"It's impossible in politics to win a defamation suit," Boehner said.

Boehner also said that the "sooner we deal with this, the better off we are." Congressional Republicans know that voters are economically anxious, battered by gas prices (still high even though they've receded in recent days), underwhelming job growth, and continued malaise in residential real estate. They are determined to tie the poor state of the economy--conversations about a potential double-dip are no longer theoretical--to their zeal for spending cuts, lower deficits, and a path toward slowing the increase in the national debt.

"We have a situation where the spending is out of control," House Majority Leader Eric Cantor said on Thursday on CNBC's Squawk Box. "We are really trying to see where we can arrive at consensus so we can produce trillions in savings and demonstrate that we're going to stop the way that money is spent in Washington and reform the system."

But the negotiations led by Vice President Joe Biden are progressing so slowly that Boehner and others are actively considering drafting the GOP's own set of spending cuts and process reforms in case the Biden process breaks down. Boehner won't describe himself as discouraged by the Biden talks, but he isn't encouraged, either. When Boehner called for Obama to join the talks and "play large ball," he was signaling it was time for the talks to pick up the pace or get out of the way.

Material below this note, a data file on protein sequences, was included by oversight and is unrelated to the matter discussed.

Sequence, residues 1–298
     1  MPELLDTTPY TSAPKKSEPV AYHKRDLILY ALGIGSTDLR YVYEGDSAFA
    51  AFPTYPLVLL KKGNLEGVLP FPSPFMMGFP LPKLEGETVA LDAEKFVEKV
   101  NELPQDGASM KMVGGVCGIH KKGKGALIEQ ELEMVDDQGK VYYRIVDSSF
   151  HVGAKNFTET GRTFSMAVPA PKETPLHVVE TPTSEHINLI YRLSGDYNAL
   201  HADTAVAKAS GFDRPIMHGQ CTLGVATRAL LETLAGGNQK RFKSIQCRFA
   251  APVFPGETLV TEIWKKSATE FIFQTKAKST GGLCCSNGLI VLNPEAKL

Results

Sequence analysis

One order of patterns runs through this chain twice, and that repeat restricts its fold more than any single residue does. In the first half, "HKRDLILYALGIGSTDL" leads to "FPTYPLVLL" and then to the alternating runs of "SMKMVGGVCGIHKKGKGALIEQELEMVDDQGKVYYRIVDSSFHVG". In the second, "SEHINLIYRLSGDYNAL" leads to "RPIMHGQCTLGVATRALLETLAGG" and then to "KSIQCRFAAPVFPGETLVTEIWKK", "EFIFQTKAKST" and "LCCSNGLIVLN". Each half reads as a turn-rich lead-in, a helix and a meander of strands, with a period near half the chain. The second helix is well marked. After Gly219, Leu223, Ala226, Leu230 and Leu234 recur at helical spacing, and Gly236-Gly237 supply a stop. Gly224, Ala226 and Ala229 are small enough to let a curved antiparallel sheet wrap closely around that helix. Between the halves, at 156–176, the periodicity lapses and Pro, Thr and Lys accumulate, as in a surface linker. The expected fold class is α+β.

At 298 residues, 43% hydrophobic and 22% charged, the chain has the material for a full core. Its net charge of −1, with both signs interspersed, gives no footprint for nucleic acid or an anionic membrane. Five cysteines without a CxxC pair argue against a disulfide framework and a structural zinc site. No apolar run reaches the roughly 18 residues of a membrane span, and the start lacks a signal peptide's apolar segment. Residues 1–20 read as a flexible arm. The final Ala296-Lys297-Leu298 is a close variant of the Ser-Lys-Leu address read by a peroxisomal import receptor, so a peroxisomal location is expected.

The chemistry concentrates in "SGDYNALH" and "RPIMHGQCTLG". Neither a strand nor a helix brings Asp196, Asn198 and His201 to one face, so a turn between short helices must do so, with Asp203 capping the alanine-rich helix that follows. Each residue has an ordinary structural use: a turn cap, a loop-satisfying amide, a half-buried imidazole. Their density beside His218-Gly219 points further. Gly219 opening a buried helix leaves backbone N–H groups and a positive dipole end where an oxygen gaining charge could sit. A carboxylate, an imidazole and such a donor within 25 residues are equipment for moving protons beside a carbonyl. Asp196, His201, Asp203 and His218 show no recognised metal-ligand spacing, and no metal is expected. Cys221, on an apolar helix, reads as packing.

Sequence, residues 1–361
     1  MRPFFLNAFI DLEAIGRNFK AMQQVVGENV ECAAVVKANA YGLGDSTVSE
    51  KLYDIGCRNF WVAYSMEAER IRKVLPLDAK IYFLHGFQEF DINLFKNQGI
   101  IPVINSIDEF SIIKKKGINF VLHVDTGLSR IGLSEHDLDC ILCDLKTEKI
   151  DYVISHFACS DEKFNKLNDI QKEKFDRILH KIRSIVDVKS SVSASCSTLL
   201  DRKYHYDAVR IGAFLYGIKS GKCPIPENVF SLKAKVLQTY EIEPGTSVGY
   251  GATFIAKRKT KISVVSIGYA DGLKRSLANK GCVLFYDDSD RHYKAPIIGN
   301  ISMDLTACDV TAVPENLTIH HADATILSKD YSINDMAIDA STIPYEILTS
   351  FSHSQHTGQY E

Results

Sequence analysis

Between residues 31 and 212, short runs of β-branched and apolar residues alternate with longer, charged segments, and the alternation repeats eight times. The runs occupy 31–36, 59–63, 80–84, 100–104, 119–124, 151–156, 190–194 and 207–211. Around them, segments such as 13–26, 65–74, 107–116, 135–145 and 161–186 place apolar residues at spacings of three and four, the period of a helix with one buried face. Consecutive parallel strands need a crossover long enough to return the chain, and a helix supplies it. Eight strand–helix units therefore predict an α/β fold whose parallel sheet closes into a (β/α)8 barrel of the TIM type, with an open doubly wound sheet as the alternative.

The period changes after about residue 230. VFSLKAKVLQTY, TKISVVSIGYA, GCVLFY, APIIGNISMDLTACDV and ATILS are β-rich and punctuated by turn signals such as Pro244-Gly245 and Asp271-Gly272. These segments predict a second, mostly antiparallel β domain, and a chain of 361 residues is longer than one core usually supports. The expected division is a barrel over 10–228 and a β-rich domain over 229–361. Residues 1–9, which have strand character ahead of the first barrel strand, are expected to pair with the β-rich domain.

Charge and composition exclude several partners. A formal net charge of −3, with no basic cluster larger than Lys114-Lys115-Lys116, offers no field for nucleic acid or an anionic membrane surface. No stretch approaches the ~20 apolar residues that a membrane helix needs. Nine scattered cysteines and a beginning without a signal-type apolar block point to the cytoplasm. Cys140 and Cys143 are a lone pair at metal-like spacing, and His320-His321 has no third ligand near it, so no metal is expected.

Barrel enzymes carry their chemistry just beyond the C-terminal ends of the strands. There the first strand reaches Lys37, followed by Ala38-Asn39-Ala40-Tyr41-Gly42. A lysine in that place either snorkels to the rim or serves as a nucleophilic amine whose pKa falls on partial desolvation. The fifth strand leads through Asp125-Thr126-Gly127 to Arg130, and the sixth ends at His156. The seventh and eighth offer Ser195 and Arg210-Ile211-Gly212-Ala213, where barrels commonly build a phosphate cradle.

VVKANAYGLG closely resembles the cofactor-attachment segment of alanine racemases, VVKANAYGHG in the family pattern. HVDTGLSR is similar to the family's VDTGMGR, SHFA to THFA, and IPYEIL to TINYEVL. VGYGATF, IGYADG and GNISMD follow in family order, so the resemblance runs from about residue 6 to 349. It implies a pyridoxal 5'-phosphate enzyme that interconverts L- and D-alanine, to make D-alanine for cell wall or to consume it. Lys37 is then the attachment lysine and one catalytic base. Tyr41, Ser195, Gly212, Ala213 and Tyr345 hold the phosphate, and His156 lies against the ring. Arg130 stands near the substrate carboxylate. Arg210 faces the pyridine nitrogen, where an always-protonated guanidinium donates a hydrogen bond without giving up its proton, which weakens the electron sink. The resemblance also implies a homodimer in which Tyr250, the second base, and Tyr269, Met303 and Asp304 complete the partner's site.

And Wednesday's White House powwow with House Republicans appeared to dig trenches deeper, not narrow differences. Freshman Rep. Reid Ribble, R-Wis., told Obama he was afraid that the U.S. no longer accumulated debt for liberty (as he said it did during the American Revolution and World Wars I and II), but was now "going into debt for ourselves." Ribble also pressed Obama to ease federal regulations and move three long-pending free-trade deals with South Korea, Panama, and Colombia.

Obama appeared to sympathize. But the president, according to those in attendance, gave little substantive ground on regulations and said that Republicans must approve trade assistance before he would take the lead on more free-trade deals.

On the question of increasing the debt ceiling and reaching a sizable deal on spending cuts and budget reforms, Boehner said, "The biggest risk we face is doing nothing."

Doing nothing is no longer an option, either politically or as a matter of policy. But doing something isn't always as productive as it sounds. Just ask Democrats about Weiner's ... exertions this week.

Of course, Weiner is looking for the floor to this scandalette. The White House and Congress are looking for a way to tame the deficit and raise the debt ceiling. As the saying goes, a heavy lift indeed.

Image credit: J. Scott Applewhite/AP

Drop-down image credit: AP

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Major Garrett is a congressional correspondent for National Journal.